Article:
29 Soft tissue sarcomas of the extremities in adults

29 Soft tissue sarcomas of the extremities in adults E Lartigau, A Gerbaulet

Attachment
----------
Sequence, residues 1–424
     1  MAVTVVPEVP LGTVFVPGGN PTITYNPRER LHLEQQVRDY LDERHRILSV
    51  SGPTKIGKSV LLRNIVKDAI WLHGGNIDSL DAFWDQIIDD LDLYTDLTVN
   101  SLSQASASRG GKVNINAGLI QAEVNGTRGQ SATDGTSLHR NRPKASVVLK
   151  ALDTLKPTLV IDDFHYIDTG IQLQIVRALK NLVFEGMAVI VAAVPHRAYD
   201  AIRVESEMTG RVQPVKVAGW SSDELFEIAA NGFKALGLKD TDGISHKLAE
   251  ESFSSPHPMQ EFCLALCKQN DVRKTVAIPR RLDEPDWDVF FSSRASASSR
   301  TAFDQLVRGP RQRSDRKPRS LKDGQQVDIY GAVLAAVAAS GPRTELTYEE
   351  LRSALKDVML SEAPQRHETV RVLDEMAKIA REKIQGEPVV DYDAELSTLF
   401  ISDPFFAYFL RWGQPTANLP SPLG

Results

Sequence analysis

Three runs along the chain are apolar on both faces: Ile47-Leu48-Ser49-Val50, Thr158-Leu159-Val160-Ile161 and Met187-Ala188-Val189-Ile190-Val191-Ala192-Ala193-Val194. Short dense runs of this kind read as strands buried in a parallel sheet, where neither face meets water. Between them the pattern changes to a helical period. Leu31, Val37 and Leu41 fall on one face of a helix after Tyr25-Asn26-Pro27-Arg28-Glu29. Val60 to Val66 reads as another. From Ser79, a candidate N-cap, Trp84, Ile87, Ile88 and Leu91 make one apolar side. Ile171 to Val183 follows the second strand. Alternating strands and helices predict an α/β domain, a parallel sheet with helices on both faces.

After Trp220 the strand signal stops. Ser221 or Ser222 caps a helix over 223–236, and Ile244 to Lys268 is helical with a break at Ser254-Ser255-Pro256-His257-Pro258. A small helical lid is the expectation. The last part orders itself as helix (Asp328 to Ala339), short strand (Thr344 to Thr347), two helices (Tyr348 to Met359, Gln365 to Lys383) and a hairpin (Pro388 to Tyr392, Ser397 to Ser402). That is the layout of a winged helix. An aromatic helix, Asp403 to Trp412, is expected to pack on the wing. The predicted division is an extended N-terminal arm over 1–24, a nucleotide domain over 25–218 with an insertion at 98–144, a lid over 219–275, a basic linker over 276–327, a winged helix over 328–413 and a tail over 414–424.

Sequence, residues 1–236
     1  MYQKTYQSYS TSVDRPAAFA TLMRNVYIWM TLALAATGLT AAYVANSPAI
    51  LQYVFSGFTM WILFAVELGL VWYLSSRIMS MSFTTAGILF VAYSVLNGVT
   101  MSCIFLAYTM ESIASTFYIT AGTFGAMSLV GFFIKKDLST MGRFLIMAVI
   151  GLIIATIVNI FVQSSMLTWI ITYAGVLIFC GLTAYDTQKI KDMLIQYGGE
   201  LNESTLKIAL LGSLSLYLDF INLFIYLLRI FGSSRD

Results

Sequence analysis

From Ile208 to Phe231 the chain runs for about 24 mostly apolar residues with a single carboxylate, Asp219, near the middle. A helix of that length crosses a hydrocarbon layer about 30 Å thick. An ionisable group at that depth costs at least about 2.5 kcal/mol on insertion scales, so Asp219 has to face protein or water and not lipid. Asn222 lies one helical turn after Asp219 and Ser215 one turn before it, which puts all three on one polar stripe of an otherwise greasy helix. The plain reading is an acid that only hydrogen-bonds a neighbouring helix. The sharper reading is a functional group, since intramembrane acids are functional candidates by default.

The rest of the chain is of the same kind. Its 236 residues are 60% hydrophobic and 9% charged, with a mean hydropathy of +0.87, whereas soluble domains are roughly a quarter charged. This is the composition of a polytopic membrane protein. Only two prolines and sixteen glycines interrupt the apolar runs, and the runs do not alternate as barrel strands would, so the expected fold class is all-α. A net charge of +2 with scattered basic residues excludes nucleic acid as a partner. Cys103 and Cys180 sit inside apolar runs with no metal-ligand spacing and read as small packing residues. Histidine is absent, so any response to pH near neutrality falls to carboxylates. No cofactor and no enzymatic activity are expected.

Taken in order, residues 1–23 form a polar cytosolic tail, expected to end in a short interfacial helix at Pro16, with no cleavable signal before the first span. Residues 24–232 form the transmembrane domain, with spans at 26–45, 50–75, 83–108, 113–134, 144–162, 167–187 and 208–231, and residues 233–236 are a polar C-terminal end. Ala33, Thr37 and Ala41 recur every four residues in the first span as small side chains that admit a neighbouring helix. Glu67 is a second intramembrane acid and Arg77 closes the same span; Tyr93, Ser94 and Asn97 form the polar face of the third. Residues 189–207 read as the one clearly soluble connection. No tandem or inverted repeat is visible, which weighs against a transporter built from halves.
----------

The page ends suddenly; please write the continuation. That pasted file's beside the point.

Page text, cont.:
1 Introduction Soft tissue sarcomas (STS) of the extremities are rare tumours (< 1% of adult tumours) and represent 50% of all soft tissue sarcomas. They are seen in all age groups and their aetiology is in general unknown, except in some congenital syndromes. Patients usually present with a painless soft tissue mass. (2,9,35) A multicentric study carried out by the French Federation of Cancer Centers (7) in 546 patients has proven that the factors most often associated with local recurrence are: pathological grade III, postoperative residual disease, and no adjuvant radiation therapy after surgery. If the genotype of the tumour is studied, genetic alterations can be detected: these alterations, mostly chromosome translocations, are specific markers for subgroups of soft tissue sarcomas and could constitute a new biological prognostic factor. (11) Amputation has long been the standard treatment for soft tissue sarcomas giving good local control but with a poor quality of life. To reduce treatment sequelae, different groups in the early 60’s advocated the combination of conservative surgery with pre or post operative radiotherapy. (9,19,26,31,34,35). Successive studies confirmed the good results obtained by a conservative approach and were able to define the prognostic factors for local control (histological grading, tumour size > 5 cm and quality of the surgery) and survival (grade and size). The technique of external beam irradiation was defined according to the treated volumes, fractionation and normal tissue sparing (non circumferencial irradiation). In parallel, the role of brachytherapy was evaluated for primary and recurrent tumours, in particular in previously irradiated areas. (14,15,17,18,37) In all cases, brachytherapy has been performed as an intraoperative procedure, exclusively for limited and well defined tumours or combined with external beam therapy in large tumours. In a recent article published by Nag, patient selection for brachytherapy is indicated according to ABS recommendations. (27) The role of chemotherapy is still controversial (Jones); doxorubicin, ifosfamide and dacarbazine are the most effective drugs. Metastatic recurrences are the commonest cause of failure, particularly for high-grade and bulky tumours. In these situations, therefore, chemotherapy should always be considered. (9,20,35) Anatomical Topography Any muscle can be the site of STS. More than ¾ of STS are deep seated tumours. The muscles in the extremities are arranged in different compartments as defined by Enneking. (13) Precise knowledge of these compartments is essential as the tumours usually spread within their boundaries. The critical organs for brachytherapy (and radiotherapy) are the skin, the vessels and the nerves. 2

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